The Bank of England has hiked rates from 0.25 per cent to 4.5 per cent since February 2022. Consumer Price Inflation in the UK in April stood at 7.8 per cent or four times the target. The European Central Bank, though late to the party, has hiked rates six times to 3.25 per cent with more to follow. Inflation in the Euro Zone is up at 7 per cent, well above target.

To appreciate the distance between the objective of policy action and outcomes, one just has to review published data on global inflation. In May 2023, inflation in every one of the G-7 group of advanced economies is significantly higher than the target rate of 2 per cent. Barring Japan and China inflation in most of the economies is between twice and five times the 2 per cent target. India has done better at 4.7 per cent although CPI is well above the target band of between 2 and 4 per cent.

The reasons are under deliberation but as Don Brash once said, “History can be surprisingly confusing, even for those who were there.” The classical definition of inflation — too much money chasing too few goods — is still playing out. Advanced economies poured trillions in stimulus into the economies to prop aggregate demand when aggregate supply was hampered or locked down due to the pandemic. Fundamentally, it was not as much the intent which was questionable. It was the sequence and consequence of decisions that triggered the inflationary spiral.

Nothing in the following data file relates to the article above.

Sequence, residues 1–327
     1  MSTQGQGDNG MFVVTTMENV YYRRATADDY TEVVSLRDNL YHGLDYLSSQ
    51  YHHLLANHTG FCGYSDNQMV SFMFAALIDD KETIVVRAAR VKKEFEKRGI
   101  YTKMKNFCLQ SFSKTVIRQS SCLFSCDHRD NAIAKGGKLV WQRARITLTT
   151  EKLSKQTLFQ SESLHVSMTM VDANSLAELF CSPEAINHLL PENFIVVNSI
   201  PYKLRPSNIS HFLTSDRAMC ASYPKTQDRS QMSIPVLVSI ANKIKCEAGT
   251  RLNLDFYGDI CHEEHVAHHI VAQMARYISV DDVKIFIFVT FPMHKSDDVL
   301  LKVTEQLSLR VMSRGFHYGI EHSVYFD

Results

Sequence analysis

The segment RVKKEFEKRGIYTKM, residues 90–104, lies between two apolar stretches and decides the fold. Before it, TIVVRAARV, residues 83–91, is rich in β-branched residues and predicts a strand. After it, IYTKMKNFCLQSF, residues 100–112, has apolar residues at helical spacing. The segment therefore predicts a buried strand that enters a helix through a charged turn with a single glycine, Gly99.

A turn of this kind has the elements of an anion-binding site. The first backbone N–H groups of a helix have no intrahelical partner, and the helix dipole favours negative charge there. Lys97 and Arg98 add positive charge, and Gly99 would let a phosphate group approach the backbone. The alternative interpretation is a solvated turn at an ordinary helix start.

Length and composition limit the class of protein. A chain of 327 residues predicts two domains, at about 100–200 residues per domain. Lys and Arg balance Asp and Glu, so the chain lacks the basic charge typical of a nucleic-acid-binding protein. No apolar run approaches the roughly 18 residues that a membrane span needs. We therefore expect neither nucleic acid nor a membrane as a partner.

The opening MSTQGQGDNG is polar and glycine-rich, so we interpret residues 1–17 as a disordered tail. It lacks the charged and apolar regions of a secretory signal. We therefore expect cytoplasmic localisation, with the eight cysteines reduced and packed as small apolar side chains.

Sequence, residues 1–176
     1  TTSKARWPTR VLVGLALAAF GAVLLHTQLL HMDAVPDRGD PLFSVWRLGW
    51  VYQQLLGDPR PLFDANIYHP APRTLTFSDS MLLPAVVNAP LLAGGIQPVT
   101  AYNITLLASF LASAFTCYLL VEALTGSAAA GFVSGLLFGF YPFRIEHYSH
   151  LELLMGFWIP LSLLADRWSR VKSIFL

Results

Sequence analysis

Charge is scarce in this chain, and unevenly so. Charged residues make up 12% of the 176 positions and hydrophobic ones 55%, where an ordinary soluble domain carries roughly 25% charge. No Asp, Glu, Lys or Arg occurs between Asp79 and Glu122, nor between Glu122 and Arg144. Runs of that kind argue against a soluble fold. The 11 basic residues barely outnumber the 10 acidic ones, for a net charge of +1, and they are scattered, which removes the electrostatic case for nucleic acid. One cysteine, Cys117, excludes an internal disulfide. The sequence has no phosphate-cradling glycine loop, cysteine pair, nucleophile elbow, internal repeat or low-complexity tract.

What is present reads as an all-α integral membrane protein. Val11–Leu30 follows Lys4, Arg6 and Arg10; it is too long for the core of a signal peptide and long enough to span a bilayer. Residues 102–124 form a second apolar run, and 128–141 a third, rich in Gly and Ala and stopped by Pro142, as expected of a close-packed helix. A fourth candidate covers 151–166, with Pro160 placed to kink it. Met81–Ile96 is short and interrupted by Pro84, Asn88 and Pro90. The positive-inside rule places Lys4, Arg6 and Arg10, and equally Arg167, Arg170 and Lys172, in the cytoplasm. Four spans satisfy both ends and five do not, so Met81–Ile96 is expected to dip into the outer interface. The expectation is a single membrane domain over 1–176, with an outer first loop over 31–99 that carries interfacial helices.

Even as economies recovered from effects of the pandemic, the world was confronted by the war in Ukraine followed by spiralling costs of food and energy. Governments expended billions to subsidise the cost of consumption even as central banks were hiking rates to curb demand and inflation. Even the Reserve Bank of India contributed to the policy “avial” in May 2022 with the observation that it would be “accommodative while focusing on withdrawal of accommodation”.